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Probe after four Maghaberry prison officers hurt in attack

By Angela Rainey

Published 02/02/2016

Edwin Poots
Edwin Poots

A female prison officer has been taken to hospital with scalding wounds after her and three colleagues were attacked in Maghaberry jail.

The Prison Service has launched an investigation into the incident which happened on Sunday.

It is believed that the officer had been helping to move a prisoner back to his cell when a fracas broke out.

The prisoner, refusing to return, allegedly lashed out at the four staff, scalding the female officer's leg with boiling water from a kettle in the struggle.

Her male colleagues received less serious injuries but are believed to be off sick from work as a result. The attack is being blamed on a staff shortage at the Lisburn jail which has been ongoing since 2008.

DUP Assembly member Edwin Poots said more needs to be done to recruit people to the Prison Service to prevent frustrations between staff and inmates.

He said: "There have been staff shortages at the prison for a while and it has been a big problem.

"Recruitment has been ongoing but so far the new officers are not in post yet.

"It can only be addressed by having more trained officers on the corridors and by addressing the officer/prisoner ratio.

"Staff shortages mean prisoners cannot have as much time out of their cells and I believe that is what happened in this incident."

He added: "I sympathise with the injured officers. HMP Maghaberry has been starved of personnel for two years, due to the lack of resource more is being asked of fewer staff and is leaving them stretched and vulnerable.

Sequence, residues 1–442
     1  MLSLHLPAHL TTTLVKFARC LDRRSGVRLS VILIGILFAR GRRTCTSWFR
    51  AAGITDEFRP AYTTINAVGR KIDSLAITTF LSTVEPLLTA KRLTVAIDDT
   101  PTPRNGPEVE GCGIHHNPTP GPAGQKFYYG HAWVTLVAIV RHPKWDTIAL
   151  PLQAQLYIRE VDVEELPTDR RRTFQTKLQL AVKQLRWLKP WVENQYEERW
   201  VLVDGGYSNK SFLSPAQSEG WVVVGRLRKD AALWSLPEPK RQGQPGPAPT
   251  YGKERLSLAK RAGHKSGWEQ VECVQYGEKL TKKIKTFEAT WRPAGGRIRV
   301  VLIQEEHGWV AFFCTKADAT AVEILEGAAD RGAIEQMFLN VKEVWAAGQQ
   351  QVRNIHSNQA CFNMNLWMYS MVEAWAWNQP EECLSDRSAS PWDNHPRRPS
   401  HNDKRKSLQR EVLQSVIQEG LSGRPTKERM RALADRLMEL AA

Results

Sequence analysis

"It is only a matter of time before someone is seriously injured or worse if this matter is not addressed as a matter of urgency."

A spokesperson for the Department of Justice said: "In line with Prison Service policy, a full investigation will now be carried out."

The attack comes only weeks after the prison was blasted as failing in a report that documented the mounting tensions within the jail, citing staff absences as one of the problems.

Released in November 2015, the report highlighted that "prisoners were experiencing severe disruption to the daily regime, leading to many frustrations throughout the prison. This meant prisoners at Maghaberry spent very long periods locked in their cells, restricting access to showers, telephones, association and other everyday domestic tasks".

Shortages in staffing are so severe that it's often one prison officer per 80 inmates, meaning prisoners must remain in their cells for longer periods.

Nick Hardwick, Her Majesty's Chief Inspector of Prisons in England and Wales, was commissioned to assist the Criminal Justice Inspection Northern Ireland inspection team.

He said Maghaberry was "the most dangerous prison" he had ever seen. He found that the prison would struggle to meet UN minimum standards for prisons worldwide and said if the situation was not addressed a major risk of "serious disorder or loss of life" would remain.

Mr Hardwick said conditions at Maghaberry were akin to those of a Dickensian Victorian jail.

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